Obtaining PPE was as challenge, as it was for nearly everybody nationwide, and he attributed federal chaos as a root factor. However, collaboration with local partners like hospitals was crucial. He cited work on protecting the homeless population as an example.
At-large Jesse Lederman, who now began chairing the Council’s new COVID oversight committee in January, said the city had challenges. He cited the difficult in obtaining testing, which both the mayor and Council pushed for publicly and privately.
“As a whole, the city, through residents, elected officials and community groups, has done a good job making clear what its needs are,” he said.
Lederman also acknowledged former Council President Justin Hurst, who led the body at the time to begin meeting more quickly and frequently, if virtually, than many of their peer councils. Both Gomez and Lederman remarked about the sheer volume of information that was coming out.
After the Council was up and running again, Hurst began holding Council updates with the mayor’s staff, which helped consistency in health messaging. Council President Marcus Williams has folded that task into the COVID committee he appointed Lederman to lead.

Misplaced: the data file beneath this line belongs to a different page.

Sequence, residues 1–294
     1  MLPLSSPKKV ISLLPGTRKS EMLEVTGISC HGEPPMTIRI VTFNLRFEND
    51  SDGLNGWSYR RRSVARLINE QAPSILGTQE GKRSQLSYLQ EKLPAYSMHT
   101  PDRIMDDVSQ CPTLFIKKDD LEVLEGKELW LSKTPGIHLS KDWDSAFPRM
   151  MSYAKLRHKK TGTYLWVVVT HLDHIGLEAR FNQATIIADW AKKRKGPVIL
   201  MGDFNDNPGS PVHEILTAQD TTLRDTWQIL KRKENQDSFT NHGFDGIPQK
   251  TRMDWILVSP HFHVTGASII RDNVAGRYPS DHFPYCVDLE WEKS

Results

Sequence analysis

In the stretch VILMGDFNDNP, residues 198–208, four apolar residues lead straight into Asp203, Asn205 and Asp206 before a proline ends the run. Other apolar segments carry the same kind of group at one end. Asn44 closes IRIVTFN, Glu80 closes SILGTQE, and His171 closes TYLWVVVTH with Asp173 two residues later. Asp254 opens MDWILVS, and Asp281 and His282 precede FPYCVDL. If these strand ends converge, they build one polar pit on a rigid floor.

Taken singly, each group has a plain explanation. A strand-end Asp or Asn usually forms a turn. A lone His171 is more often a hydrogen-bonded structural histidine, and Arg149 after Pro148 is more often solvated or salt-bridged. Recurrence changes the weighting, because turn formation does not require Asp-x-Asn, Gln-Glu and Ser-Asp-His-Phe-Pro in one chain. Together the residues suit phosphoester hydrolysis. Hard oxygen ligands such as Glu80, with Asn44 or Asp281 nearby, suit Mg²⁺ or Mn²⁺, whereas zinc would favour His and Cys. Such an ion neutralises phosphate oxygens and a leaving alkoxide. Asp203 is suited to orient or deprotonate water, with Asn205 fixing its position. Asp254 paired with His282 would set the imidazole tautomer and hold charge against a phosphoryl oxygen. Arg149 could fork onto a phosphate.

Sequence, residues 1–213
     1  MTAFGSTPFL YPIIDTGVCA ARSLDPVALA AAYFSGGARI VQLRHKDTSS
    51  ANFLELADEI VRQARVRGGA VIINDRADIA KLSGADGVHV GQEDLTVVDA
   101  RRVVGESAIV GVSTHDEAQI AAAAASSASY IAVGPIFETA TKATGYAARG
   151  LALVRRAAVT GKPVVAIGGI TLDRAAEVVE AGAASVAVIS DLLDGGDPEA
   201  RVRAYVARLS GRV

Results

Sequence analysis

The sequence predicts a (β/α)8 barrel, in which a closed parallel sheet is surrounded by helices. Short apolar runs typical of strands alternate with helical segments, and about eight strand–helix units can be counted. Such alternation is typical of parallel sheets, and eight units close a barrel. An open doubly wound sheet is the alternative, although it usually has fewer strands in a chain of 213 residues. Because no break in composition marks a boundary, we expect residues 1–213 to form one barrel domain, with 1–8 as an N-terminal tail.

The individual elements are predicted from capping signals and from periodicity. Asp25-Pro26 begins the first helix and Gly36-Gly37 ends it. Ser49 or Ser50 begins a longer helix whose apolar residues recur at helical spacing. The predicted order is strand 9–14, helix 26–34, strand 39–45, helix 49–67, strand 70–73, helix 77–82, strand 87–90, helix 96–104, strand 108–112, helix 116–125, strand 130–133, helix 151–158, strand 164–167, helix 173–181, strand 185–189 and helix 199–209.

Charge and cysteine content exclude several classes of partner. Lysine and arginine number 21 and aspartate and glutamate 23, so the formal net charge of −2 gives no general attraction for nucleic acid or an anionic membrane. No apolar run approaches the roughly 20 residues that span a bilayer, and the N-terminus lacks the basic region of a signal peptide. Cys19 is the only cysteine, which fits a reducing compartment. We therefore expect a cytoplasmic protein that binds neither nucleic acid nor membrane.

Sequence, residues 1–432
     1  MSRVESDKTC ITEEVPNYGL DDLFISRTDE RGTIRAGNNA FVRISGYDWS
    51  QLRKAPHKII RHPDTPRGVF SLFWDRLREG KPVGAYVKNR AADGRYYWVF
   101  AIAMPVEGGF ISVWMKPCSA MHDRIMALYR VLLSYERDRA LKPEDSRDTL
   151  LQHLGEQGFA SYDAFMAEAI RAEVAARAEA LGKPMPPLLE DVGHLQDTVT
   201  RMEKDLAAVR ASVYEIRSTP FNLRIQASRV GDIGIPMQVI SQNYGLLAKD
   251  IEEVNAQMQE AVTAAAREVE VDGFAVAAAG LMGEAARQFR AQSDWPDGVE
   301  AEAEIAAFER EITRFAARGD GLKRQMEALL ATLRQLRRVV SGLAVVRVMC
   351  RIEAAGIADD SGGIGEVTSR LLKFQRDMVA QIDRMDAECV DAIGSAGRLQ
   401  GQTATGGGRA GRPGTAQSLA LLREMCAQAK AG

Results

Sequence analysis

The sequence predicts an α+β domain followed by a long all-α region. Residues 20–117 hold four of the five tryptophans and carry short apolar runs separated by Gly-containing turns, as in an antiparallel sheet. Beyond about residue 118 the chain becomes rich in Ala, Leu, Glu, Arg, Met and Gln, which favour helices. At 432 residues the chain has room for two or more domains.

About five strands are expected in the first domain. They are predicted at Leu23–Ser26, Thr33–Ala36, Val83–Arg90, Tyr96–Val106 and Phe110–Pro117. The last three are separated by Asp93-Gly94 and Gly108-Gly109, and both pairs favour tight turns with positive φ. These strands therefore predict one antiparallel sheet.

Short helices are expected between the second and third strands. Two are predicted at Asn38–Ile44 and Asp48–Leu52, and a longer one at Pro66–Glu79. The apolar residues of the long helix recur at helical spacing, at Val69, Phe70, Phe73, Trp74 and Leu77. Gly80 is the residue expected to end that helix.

“We have seen a governmental cross-collaboration like we have never seen before,” Lederman said.
Only two weeks ago, the city announced its first neighborhood vaccination clinics. That came after Sarno and Caulton-Harris’ appeals to Boston and the Council, with Lederman and Williams in the lead, lobbying Baker for more city-controlled vaccine doses.
There is still a way to go. It does seem the pandemic in Massachusetts, including Springfield, has another wave or wave-let left. However, absent a variant-fueled meltdown, the end seems close. The city must begin reviving civic functions that came down last March and its economy.
Caulton-Harris, speaking to WMP&I, said the pandemic underscored longstanding inequities in housing, jobs and education. However, it did spawn its own mental health crisis, isolating children from school and friends, locking the elderly out of senior centers and church. Everyone has sustained stress. There will be rebuilding here, as well.
“It has been a year of emotional upheaval, I think all of us, from day to day, try to think about how we can get through this very difficult time, very difficult challenge in a way that we are all healthy, and maintain some semblance of our mental health, physical health, emotional health and spiritual health,” she said.